Clemson University, 2006

One solid crunch 


and it’s 2006,

treading out acorn paste 

into names graven long ago,

on the way to Daniel Hall

in my ancestral home

in the foothills. 


The Mark

Pull back into your chest,

deep, back, and down.

Train your eyes, your sights,

down the lane

and find the one thing

you seek in that sea of green

and blue.
Pull back.

Push down.

And feel, and see, and hear

your hope arc up,

and fall down.
And if you are good –

or lucky – 

you will be rewarded

with a small puff of 

orange chalk

                         and smoke:

A metaphor, standing for

five meters of death

and destruction. 

Something Together

I wonder why music has always appealed.

Why from just after time, rhythm and

melody have entranced and befuddled;

Plato to Zwigli; Aristotle to

everyone else.

Something about that sharp

split of air by the long-sustained violin,

or the flute pulsing to breath-beat, veering

off towards separation.



families wailing, but wailing

together, in unison or harmony.


This was quick and (very) dirty. It is heading back towards the dangerous free for all that characterized my early college poems.

Ancient Joy

To feel your breath in your fingers, as once

I read it, is to receive instant feedback,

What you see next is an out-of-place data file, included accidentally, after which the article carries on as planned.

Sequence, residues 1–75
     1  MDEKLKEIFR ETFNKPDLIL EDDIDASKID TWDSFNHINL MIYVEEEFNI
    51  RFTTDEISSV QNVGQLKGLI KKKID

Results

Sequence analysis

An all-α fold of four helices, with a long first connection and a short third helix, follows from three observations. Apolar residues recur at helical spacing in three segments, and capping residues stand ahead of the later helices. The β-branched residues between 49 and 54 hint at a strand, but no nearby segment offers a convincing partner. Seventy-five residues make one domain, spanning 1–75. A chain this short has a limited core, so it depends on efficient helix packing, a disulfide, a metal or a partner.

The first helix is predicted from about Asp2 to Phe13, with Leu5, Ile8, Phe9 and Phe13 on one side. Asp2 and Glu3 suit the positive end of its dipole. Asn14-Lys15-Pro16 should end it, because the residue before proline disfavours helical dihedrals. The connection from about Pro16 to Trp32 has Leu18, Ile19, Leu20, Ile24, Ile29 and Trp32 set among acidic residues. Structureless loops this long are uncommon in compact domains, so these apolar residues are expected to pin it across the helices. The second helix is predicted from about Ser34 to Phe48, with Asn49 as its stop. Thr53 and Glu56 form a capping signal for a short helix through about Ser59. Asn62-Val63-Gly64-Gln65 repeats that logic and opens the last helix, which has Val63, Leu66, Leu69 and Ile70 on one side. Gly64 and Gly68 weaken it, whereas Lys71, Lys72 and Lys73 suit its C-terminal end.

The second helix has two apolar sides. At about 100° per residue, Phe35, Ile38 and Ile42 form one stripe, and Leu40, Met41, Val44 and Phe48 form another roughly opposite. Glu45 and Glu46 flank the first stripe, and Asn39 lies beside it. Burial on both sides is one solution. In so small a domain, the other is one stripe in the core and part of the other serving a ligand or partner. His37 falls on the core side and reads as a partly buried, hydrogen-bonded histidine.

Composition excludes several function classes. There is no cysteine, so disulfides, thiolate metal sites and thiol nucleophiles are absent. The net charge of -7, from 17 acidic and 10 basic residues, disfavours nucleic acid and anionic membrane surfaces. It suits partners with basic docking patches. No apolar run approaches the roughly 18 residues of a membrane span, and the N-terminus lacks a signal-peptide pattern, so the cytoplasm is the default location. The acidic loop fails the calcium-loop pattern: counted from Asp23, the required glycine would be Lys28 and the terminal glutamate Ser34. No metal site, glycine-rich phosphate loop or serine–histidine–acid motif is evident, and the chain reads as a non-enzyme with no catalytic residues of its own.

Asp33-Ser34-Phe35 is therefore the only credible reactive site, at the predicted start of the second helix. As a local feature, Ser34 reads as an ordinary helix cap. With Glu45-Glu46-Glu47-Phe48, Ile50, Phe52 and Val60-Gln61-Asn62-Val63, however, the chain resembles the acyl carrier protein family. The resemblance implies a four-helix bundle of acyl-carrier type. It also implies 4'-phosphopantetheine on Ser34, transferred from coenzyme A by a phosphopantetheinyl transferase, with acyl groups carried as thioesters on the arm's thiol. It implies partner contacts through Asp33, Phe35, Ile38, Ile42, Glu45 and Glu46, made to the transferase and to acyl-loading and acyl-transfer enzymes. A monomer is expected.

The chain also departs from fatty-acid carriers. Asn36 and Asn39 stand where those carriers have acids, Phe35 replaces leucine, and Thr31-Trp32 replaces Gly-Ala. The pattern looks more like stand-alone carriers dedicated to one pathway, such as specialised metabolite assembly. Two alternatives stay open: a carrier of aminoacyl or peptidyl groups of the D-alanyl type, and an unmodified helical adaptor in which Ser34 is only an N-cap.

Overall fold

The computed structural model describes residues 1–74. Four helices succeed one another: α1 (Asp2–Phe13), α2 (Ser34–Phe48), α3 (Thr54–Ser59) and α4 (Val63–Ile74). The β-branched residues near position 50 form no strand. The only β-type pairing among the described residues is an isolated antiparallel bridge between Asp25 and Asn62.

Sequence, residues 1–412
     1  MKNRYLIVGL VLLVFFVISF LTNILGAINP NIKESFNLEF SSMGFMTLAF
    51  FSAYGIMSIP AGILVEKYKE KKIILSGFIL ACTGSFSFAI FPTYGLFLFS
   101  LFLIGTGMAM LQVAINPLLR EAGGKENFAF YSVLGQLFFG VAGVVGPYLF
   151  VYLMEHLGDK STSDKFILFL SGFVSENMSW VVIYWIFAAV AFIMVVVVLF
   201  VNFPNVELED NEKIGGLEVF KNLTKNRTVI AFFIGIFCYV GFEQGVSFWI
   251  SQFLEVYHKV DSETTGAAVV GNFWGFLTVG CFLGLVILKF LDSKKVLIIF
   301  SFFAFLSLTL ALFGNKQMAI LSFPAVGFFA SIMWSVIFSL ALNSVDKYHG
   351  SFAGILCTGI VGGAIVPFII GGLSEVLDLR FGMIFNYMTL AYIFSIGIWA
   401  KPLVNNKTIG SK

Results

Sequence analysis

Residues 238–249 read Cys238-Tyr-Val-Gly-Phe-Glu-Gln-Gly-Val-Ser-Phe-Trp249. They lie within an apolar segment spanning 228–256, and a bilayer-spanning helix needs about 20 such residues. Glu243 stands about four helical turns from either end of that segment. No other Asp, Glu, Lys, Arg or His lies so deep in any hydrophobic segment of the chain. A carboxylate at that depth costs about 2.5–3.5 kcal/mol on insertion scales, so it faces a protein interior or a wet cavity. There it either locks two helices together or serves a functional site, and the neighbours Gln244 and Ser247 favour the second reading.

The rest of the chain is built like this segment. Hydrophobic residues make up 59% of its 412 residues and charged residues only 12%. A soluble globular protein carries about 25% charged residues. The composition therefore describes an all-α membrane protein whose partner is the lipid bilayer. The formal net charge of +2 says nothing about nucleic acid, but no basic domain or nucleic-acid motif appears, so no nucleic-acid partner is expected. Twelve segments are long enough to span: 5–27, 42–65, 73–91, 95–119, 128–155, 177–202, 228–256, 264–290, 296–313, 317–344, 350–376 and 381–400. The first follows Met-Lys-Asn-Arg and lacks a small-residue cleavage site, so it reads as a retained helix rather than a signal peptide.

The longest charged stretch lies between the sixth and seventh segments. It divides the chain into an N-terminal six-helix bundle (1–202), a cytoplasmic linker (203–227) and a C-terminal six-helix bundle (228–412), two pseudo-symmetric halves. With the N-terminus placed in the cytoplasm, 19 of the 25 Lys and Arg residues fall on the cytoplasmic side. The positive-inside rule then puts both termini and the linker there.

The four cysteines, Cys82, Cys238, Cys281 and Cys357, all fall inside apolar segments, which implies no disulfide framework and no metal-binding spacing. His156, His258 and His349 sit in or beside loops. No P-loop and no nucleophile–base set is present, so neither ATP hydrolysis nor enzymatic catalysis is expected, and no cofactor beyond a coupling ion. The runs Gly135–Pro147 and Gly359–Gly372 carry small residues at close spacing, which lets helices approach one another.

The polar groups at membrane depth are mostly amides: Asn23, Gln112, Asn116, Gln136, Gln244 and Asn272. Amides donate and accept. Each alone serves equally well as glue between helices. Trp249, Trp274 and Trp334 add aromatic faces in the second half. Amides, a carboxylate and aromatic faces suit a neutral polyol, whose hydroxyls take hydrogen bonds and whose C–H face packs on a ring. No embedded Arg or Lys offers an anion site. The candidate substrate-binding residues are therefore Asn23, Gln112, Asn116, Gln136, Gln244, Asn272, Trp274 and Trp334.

immediate expression of your art;

to hold in your hands, tunes older than you.

And out the back door with the punters.

All those who don’t understand this joy.


This ancient joy.


A little St. Patrick’s Day poem, courtesy of the five hour gig I played with Emerald Road. I don’t really want you all out the back door, don’t worry. Tongue in cheek and all that.


What an awful responsibility!

To see a man, soul to soul, and give him

what he deserves, what his deeds have earned him.

To hear his last words, the next to last

human sounds, besides the final wet roll

of his crown, to give sentence and take life.

What an awful responsibility!


This is another poem inspired by A Song of Ice and Fire. This one is based on Ned Stark’s words to his children about the responsibility of a King: “We hold to the belief that the man who passes the sentence should swing the sword. If you would take a man’s life, you owe it to him to look into his eyes and hear his final words. And if you cannot bear to do that, then perhaps the man does not deserve to die.”